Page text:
Steppin' Out Magazine July 2015 - Page 17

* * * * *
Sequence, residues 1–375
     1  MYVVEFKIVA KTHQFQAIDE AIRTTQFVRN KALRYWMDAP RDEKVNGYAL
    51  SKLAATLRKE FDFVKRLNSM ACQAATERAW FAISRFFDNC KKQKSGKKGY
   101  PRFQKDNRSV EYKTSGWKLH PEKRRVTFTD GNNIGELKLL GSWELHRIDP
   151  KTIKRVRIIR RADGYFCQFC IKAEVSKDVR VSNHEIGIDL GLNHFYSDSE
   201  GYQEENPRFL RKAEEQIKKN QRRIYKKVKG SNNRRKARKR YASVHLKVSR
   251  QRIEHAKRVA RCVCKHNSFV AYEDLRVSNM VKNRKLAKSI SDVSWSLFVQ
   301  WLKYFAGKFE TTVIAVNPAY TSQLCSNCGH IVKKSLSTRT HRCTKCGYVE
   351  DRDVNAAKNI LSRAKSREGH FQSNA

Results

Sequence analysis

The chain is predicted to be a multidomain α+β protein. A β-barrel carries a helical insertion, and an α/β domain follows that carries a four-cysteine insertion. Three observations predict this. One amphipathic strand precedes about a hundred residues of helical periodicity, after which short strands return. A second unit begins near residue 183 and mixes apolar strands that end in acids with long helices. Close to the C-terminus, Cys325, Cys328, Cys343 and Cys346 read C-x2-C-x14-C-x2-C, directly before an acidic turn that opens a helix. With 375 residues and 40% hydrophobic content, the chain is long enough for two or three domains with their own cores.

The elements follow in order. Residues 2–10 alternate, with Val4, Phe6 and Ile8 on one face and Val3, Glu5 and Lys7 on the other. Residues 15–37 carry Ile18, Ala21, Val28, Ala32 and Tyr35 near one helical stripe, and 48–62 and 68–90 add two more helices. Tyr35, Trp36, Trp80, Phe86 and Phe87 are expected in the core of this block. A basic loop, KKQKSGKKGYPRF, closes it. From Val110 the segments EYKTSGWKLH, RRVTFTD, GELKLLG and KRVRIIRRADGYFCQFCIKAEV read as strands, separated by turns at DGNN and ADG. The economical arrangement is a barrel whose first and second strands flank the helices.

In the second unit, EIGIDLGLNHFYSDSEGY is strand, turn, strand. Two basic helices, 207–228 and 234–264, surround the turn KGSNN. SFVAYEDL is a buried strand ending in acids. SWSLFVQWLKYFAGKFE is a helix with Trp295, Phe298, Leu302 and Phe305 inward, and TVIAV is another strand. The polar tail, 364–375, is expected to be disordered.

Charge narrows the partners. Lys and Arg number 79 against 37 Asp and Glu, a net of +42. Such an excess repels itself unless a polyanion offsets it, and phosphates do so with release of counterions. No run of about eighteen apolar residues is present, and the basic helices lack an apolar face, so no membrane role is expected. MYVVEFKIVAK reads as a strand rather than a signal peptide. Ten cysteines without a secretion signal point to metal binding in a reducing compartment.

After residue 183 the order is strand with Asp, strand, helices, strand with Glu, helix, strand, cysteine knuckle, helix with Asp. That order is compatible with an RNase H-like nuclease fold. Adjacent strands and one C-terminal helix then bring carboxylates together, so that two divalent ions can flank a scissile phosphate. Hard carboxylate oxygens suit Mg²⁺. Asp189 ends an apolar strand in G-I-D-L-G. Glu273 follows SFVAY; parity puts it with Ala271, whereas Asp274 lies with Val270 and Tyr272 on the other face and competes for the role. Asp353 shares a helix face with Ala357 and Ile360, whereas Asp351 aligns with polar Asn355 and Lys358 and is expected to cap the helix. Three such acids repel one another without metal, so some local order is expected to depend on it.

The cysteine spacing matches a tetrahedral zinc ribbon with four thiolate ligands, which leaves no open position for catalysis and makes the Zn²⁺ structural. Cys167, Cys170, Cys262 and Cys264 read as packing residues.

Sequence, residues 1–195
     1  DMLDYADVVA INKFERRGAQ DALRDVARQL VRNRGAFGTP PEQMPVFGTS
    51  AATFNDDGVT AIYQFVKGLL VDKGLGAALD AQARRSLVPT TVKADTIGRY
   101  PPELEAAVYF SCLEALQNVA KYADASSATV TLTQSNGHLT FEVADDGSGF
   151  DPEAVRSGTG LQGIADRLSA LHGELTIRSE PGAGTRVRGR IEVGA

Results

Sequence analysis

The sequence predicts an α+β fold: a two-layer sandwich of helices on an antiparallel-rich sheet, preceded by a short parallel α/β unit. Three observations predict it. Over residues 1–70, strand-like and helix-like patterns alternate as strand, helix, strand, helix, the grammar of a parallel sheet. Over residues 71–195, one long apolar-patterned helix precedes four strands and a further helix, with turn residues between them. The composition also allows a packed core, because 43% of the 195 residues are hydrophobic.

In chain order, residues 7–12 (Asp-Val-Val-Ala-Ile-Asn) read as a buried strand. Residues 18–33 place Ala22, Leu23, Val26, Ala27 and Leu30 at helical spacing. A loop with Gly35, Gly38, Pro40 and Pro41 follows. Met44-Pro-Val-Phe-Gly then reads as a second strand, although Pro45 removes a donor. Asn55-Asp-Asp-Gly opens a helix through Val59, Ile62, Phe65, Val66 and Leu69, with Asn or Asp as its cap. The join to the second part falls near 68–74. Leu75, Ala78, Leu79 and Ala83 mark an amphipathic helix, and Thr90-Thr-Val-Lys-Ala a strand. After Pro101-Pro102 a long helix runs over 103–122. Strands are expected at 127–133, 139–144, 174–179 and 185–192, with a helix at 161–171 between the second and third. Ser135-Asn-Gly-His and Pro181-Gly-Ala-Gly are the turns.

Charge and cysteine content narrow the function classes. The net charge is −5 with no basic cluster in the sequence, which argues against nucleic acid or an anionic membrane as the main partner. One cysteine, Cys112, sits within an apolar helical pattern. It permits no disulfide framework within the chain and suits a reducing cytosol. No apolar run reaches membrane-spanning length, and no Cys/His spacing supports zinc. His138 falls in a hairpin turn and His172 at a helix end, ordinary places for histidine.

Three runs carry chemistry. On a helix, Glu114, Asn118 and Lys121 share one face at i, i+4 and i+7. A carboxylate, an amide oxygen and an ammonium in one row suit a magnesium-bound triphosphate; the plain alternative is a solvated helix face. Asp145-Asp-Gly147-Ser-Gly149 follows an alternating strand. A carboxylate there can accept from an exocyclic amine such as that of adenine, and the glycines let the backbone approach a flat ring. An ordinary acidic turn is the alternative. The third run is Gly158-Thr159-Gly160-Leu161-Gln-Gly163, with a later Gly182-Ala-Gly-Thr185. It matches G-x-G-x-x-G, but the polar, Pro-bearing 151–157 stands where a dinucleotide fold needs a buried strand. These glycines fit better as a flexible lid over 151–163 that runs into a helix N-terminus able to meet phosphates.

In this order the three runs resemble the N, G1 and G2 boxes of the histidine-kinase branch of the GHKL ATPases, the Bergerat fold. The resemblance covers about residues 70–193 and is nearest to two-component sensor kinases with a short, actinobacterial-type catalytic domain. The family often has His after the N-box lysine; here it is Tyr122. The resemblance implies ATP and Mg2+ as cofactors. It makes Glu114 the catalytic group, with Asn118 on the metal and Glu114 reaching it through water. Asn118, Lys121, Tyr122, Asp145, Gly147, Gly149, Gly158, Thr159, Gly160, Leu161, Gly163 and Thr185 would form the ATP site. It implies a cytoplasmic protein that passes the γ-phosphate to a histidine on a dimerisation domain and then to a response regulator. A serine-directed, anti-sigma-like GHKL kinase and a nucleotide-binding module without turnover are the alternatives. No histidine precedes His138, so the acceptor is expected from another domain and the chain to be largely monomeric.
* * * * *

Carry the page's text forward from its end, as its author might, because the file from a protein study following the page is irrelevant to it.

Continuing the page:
Take Extra Precautions to Avoid Heat Illnesses The Alabama Department of Public Health advises the public to be alert to the warning signs of heat illnesses. National Weather Service offices have issued heat advisories for large portions of the state because of high temperatures and high heat indices. Heat-related illnesses occur when the body’s temperature control system is overloaded. The Alabama Department of Public Health cautions everyone to be alert to the warnings that may signal help is needed. Heat stroke, sometimes called sunstroke, is the most serious heat-related illness. It occurs when the body becomes unable to control its temperature. The body’s temperature rises rapidly, the sweating mechanism fails, and the body is unable to cool down. Body temperature may rise to 106 degrees F or higher within 10 to 15 minutes. Heat stroke can cause death or permanent disability if emergency treatment is not provided. People should drink plenty of water, stay in an air-conditioned room, and keep out of the sun. The public should also check on the elderly and ensure pets have plenty of water to drink and shade to cool off. Warning Signs of Heat Stroke Vary, but Include the Following: •Red, hot and dry skin (no sweating) • Rapid, strong pulse • Throbbing headache • Dizziness • Nausea • Confusion • Unconsciousness • An extremely high body temperature (above 103 degrees F) First aid recommendations are to get the person to a shady area, cool rapidly in a tub of cool water, place in a cool shower, spray with cool water from a garden hose, splash with cool water, or, if the humidity is low, place in a cool, wet sheet and fan vigorously. Monitor body temperature and continue cooling efforts until the person’s body temperature drops to 101 to 102 degrees F. If emergency medical personnel are delayed, call a hospital emergency room for further instructions.